Happy Thanksgiving dear reader! Yes, I am still out here – just quieter. Time remains a fleeting commodity and I just do not find the time to sit, reflect, and write to this blog much anymore. It is not that the interest has waned, only the available moments to do it. Yes, to the critics, I engage in social media, I watch TV, and I hike; why not cut back on time spent there and use it to write? Well, for starters those activities (especially hiking) are all sources of inspiration with which to write. Also, we all need balance – I’ve written of it often. Without balance your life is a tower of cards ready to collapse in the merest whisper of a breeze.
I went the entire month of October without a single hike. It was due to either traveling, getting ready for Halloween, or weather. And only twice in September. But I have gotten out three times so far this month and Sunday just might make four for me. I have written many times on how much I love the summer woods. But honestly, there is truly something special about the autumn woods; Mother Nature drops her robe and reveals so much that had been hidden for all those past lush green months.
Nests, hives, rock formations, and the like all suddenly appear.
But beyond that, the light of November is amazing. The low angle of the sun creates the setting for some dramatic views.
My last hike was to an area new to me. I’ve hiked that part of the state for years, but never this particular trail, and it was so worth the visit! Our Rhode Island woods are always beautiful and the terrain and flora is varied in different regions of the state, this area being known for lots of mountain laurel, rhododendron, sharp ridges of ledge, and huge boulders left behind by the last glaciers. But this area had more.
It is not unusual to find a cellar hole here or there during a hike, but what I found here was amazing.
A number of cellar holes but also the remains of a huge structure, possibly a barn.
Of course, these are hundreds of years old so nothing exists except the stone foundations and stone walls; there is no wood left to help visualize how it might have looked intact.
It is a preserved area (happily) so the ruins will remain safe and intact as they currently exist. But in all my years of hiking I have never encountered a structure as large as this possible barn. My first thought was of a church or meeting hall, and that may still be the reality. But subsequent research has indicated that a barn is the most likely purpose.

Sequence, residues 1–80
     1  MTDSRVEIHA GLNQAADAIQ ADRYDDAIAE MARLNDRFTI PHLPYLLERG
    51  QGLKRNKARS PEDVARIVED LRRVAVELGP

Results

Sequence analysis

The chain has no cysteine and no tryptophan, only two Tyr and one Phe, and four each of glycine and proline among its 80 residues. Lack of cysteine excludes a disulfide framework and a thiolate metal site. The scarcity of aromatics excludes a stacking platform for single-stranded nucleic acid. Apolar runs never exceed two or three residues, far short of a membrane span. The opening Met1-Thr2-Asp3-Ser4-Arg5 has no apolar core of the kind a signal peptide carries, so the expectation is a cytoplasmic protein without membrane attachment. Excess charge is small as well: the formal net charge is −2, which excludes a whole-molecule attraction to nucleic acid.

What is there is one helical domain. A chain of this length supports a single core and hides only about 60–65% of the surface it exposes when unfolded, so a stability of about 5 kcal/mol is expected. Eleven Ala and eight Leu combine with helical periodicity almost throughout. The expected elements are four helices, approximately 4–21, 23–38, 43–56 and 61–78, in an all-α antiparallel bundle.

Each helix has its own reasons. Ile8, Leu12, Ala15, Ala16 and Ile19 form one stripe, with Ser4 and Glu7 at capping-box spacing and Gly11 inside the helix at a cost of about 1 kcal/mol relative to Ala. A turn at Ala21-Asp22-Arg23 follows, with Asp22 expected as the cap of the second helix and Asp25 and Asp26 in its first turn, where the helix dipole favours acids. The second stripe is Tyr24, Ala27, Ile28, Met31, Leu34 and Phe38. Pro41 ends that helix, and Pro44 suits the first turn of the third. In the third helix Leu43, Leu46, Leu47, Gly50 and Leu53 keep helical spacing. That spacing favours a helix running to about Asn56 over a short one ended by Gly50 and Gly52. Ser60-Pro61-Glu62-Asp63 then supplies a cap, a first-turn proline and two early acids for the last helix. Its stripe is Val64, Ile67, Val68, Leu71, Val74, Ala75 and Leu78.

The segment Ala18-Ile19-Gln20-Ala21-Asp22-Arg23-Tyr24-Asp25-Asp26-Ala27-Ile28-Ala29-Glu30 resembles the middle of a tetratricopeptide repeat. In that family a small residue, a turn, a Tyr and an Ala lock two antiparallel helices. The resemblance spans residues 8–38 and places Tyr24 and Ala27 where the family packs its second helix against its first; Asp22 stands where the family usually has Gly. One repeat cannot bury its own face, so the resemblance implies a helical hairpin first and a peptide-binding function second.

There were other stone structures besides the cellar holes and foundations: the ubiquitous stone walls forming property boundaries and creating pens and other purposeful spaces, a wonderful pen formed up against a huge boulder, and some incredibly well-made root cellars.
There were also the stone piles commonly found around old settlements. The general school of thought is that these piles were rocks pulled from the soil by the colonists as they cleared the land. But there is, as I researched this after the hike, a great rift in the archaeological community on these piles.
People have often called the piles cairns; quite common to hear that around here. But cairns are, by definition, stone piles built to mark a burial, or sometimes as a marker as in a trail guide. It is European term, carried over with the early settlers. But it is not how our Native Americans buried or honored their dead. And certainly they (of all people) did not need trail markers! I have personally excavated some number of burials and have read literally hundreds of archaeological journals detailing New England prehistoric burials and not once have I ever seen, read, of heard of a stone pile being associated with a burial. It was just not their custom to do so.